If you have a high amount of student loans that you are struggling to pay off, then you may have questions about how to handle it. There are provisions with most types of student loans that allow you to defer payments or adjust payments to meet your needs. Check with your lender for specifics. Here, we will discuss common options when it comes to paying down your student loans.
If you are really in over your head and have considered bankruptcy, be prepared. Bankruptcy is not an option for federal student loans. They will not go away or be discharged even if you are filing bankruptcy. You do have some options though. You can apply to change the pay off terms of your student loans. Instead of struggling to pay them off in ten years, you can stretch them out to thirty years. This, of course, would end up costing you more interest in the long run, but it could relieve the stress of large monthly payments. If you’re missing payments because they’re too high, then it will end up costing you more anyway, not to mention that you can ruin your credit by missing payments.
Filing bankruptcy with a private student loan is not any better. There is a provision for undue hardship, but the standards are extremely hard to meet. If you can meet the requirements, then it is possible to get a private student loan discharged. This provision is very rarely awarded. You should consider different ways of paying off your student loans if possible.
One option is to talk to your lender about a graduated repayment plan. This plan allows you to start out at low payments that steadily increase over time. This gives you some time to build your income up to a point where you can afford the larger payments. Payments are figured generally once every two years, so you have some time to prepare when the payments increase.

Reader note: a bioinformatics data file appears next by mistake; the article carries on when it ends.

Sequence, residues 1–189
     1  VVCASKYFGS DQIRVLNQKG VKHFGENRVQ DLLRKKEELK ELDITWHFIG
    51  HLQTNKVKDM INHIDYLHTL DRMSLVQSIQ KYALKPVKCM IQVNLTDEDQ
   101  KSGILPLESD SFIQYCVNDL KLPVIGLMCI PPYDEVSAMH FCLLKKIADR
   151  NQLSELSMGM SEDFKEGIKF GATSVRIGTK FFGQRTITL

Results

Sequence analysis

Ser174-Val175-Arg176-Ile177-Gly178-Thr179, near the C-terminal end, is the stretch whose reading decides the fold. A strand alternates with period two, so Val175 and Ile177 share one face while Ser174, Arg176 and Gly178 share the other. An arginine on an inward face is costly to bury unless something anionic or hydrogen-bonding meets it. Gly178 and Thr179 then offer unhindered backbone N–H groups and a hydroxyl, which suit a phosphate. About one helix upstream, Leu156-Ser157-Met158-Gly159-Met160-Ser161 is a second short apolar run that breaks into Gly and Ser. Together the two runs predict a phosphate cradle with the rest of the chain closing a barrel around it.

Another option is setting up an income based repayment plan. This plan uses your adjusted gross income each year to figure the payment that you can afford. The payment is based also on the size of the loan. How many members you have in your family is also taken into consideration. Many find this a very effective way to budget for student loan payments.
In times of extreme hardship, you may qualify to defer your loan payments. This doesn’t mean that they are discharged or gone, but simply put off until a later date. Many types of student loans will not have interest accruing during the deferment period. If you don’t qualify for deferment, you may qualify for forbearance. Forbearance is like deferment, in that you can postpone payments for a set length of time. Unlike deferment, forbearance options do accumulate interest during the period that you are not making payments.
In general, you should try to pay off your student loans whenever you come into extra money. All debts need to be taken seriously and you should always pay as much as you can afford. If you are in some trouble and need to change the terms or put off monthly payments for a while, contact the custodian of the loan. Manage it well, and you can be on your way to paying off your student loans.